Bob Woodward book details Obama battles with advisers over exit plan for Afghan war
Wednesday, September 22, 2010; 12:11 AM
President Obama urgently looked for a way out of the war in Afghanistan last year, repeatedly pressing his top military advisers for an exit plan that they never gave him, according to secret meeting notes and documents cited in a new book by journalist Bob Woodward.
Frustrated with his military commanders for consistently offering only options that required significantly more troops, Obama finally crafted his own strategy, dictating a classified six-page "terms sheet" that sought to limit U.S. involvement, Woodward reports in "Obama's Wars," to be released on Monday. (The Washington Post will print excerpts of Woodward's book beginning Monday on the Web, mobile and print editions.)
According to Woodward's meeting-by-meeting, memo-by-memo account of the 2009 Afghan strategy review, the president avoided talk of victory as he described his objectives.
"This needs to be a plan about how we're going to hand it off and get out of Afghanistan," Obama is quoted as telling White House aides as he laid out his reasons for adding 30,000 troops in a short-term escalation. "Everything we're doing has to be focused on how we're going to get to the point where we can reduce our footprint. It's in our national security interest. There cannot be any wiggle room."
Obama rejected the military's request for 40,000 troops as part of an expansive mission that had no foreseeable end. "I'm not doing 10 years," he told Secretary of Defense Robert M. Gates and Secretary of State Hillary Rodham Clinton at a meeting on Oct. 26, 2009. "I'm not doing long-term nation-building. I am not spending a trillion dollars."
Woodward's book portrays Obama and the White House as barraged by warnings about the threat of terrorist attacks on U.S. soil and confronted with the difficulty in preventing them. During an interview with Woodward in July, the president said, "We can absorb a terrorist attack. We'll do everything we can to prevent it, but even a 9/11, even the biggest attack ever . . . we absorbed it and we are stronger."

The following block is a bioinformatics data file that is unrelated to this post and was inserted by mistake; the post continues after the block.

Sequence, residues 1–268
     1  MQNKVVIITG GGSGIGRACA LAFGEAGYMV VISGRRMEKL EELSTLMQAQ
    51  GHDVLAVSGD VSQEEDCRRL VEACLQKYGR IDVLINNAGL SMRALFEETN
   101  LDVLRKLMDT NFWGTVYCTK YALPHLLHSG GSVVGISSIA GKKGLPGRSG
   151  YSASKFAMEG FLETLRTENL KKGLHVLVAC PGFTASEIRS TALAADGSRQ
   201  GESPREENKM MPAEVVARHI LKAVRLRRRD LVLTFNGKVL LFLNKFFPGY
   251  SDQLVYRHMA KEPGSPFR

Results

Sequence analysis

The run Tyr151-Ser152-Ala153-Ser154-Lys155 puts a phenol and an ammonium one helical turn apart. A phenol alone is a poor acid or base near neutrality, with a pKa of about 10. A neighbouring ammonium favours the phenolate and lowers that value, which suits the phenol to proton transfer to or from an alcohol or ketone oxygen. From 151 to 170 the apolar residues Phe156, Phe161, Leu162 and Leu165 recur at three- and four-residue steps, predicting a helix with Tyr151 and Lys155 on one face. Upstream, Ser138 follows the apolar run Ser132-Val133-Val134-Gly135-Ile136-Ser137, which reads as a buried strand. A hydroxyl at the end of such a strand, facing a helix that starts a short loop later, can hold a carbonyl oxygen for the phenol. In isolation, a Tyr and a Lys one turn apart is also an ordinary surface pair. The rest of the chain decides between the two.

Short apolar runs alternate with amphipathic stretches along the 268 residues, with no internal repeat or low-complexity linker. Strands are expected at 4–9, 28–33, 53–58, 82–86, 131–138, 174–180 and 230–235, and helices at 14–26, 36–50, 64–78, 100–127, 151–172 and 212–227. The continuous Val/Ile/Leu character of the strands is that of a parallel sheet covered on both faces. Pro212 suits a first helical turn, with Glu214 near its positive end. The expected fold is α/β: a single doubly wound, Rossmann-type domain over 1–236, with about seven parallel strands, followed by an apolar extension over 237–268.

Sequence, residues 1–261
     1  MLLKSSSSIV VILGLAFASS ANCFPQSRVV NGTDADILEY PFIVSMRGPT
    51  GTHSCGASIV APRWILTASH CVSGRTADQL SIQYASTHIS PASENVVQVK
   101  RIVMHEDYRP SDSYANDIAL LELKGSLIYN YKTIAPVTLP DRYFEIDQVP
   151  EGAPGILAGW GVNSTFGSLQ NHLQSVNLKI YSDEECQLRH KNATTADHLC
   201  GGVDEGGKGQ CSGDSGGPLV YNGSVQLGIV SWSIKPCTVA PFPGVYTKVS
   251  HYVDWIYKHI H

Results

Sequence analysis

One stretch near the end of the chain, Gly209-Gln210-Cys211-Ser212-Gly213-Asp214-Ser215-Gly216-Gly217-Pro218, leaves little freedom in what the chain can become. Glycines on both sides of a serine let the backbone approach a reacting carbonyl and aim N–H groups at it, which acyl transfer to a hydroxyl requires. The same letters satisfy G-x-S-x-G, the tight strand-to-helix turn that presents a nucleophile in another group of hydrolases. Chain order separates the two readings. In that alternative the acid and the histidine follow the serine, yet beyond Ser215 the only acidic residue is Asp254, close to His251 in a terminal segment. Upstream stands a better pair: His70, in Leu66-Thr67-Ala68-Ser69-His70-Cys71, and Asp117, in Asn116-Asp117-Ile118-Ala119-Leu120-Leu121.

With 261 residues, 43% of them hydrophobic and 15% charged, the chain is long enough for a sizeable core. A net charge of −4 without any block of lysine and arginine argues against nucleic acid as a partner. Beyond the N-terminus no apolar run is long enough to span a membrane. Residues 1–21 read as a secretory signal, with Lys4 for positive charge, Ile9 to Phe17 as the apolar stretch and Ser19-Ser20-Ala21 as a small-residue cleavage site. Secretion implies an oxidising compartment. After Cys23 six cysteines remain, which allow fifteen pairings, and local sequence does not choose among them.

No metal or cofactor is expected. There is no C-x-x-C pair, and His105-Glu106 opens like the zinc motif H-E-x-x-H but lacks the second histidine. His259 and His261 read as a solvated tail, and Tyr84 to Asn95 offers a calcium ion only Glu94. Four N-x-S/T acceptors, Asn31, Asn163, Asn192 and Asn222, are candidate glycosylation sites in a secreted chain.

But most of the book centers on the strategy review, and the dissension, distrust and infighting that consumed Obama's national security team as it was locked in a fierce and emotional struggle over the direction, goals, timetable, troop levels and the chances of success for a war that is almost certain to be one of the defining events of this presidency.
Obama is shown at odds with his uniformed military commanders, particularly Adm. Mike Mullen, the chairman of the Joint Chiefs of Staff, and Gen. David H. Petraeus, head of U.S. Central Command during the 2009 strategy review and now the top U.S. and NATO commander in Afghanistan.
Woodward reveals their conflicts through detailed accounts of two dozen closed-door secret strategy sessions and nearly 40 private conversations between Obama and Cabinet officers, key aides and intelligence officials.
Tensions often turned personal. National security adviser James L. Jones privately referred to Obama's political aides as "the water bugs," the "Politburo," the "Mafia," or the "campaign set." Petraeus, who felt shut out by the new administration, told an aide that he considered the president's senior adviser David Axelrod to be "a complete spin doctor."
During a flight in May, after a glass of wine, Petraeus told his own staffers that the administration was "[expletive] with the wrong guy." Gates was tempted to walk out of an Oval Office meeting after being offended by comments made by deputy national security adviser Thomas E. Donilon about a general not named in the book.
Suspicion lingered among some from the 2008 presidential campaign as well. When Obama floated the idea of naming Clinton to a high-profile post, Axelrod asked him, "How could you trust Hillary?"